I love darkness and I love that darkness is poignant and illuminating. Also I love pushing the envelope of how dark we can go. And what does darkness mean visually. It’s not that we can shoot just a pitch-black
road. It still has to look like something. In nightwork, as cinematographers, we get to be very expressive. Each night scene can be approached very different. Versus approaching a day exterior, you are kind of working in the confined environment that you are in. I think building tension in horror is very different than shooting comedy. Intentional camera movement or pushing in. Like in Rosemary’s Baby, you get the audience to try and look beyond that door, but you will never show them what’s behind that door. I think horror is its own world. Every genre is its own world. On top of that, every cinematographer adds
their own kind of artistry and point of view and the requirements of that world.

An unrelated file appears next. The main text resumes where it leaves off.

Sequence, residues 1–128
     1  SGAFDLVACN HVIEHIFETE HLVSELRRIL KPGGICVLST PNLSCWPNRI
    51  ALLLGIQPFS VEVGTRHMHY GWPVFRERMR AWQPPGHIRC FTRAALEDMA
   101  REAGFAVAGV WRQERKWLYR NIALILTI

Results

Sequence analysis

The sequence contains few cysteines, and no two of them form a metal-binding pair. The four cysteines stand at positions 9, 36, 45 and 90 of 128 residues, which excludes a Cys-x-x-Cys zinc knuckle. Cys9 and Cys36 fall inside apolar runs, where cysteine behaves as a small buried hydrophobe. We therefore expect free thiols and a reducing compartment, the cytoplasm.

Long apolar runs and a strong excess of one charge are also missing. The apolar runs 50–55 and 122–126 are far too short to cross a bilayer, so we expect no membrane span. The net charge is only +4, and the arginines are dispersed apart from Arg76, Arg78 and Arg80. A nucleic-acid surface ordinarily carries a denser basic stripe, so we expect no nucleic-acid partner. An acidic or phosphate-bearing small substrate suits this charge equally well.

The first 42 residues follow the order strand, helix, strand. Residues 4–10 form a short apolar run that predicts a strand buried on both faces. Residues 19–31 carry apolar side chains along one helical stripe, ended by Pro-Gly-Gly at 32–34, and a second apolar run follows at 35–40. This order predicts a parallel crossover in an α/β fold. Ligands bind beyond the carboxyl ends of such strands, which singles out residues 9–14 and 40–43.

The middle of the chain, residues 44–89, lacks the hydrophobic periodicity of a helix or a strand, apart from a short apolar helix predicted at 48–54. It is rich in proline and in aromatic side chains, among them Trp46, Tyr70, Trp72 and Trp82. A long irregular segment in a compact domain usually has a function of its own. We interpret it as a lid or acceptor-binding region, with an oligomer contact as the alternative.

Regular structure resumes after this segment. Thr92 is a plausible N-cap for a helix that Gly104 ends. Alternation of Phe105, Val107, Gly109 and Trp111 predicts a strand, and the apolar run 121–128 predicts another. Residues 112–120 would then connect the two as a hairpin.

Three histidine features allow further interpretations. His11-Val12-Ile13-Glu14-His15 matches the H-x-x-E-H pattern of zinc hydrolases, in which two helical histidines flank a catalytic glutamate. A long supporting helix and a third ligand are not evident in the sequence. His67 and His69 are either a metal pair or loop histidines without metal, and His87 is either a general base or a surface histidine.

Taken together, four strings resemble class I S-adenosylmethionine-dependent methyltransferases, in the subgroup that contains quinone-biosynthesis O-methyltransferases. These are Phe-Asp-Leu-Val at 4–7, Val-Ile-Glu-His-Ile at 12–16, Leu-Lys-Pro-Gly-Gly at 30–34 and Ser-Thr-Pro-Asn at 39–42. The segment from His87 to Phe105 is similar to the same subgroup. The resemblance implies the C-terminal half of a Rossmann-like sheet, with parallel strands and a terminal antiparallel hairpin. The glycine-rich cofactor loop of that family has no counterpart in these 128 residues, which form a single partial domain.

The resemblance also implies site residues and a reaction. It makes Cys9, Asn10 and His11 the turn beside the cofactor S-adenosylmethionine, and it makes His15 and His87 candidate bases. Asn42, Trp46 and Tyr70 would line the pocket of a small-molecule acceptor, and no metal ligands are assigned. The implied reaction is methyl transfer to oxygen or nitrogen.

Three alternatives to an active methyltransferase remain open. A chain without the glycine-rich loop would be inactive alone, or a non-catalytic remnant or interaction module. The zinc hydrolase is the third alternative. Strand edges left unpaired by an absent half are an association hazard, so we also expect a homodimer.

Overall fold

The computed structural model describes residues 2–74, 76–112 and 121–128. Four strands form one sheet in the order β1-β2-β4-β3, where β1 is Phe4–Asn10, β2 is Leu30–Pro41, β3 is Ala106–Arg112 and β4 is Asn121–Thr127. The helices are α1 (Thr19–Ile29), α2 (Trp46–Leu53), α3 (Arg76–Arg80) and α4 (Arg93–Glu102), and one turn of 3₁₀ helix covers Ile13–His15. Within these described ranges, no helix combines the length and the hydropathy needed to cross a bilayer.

Do you think fans of the original film are going to be surprised by anything in I Know What You Did Last Summer?

I feel like they will be surprised by everything, by how different the characters are and the culture
that they live in. Fundamentally, I feel like the original storyline weaves very differently in the series
than the original. It’s not four friends, it’s five friends. I hope fans will be pleasantly surprised. The feedback that I have gotten is that these kids feel very modern and embody the spirit of today’s 20-somethings.

Are you personally a fan of horror? If so, are there any horror films where the cinematography has
really stuck out to you?

Yes, I am a big fan of horror. My favorite two are Get Out and Pan’s Labyrinth. I think Get Out is a really good study of horror and how to build tension. I loved Pan’s Labyrinth, I don’t know if you consider that horror, but it leans in on that Monsterland world and the cinematography is more poetic
and fantasy-oriented.

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Watch all eight episodes of the series now on Amazon Prime.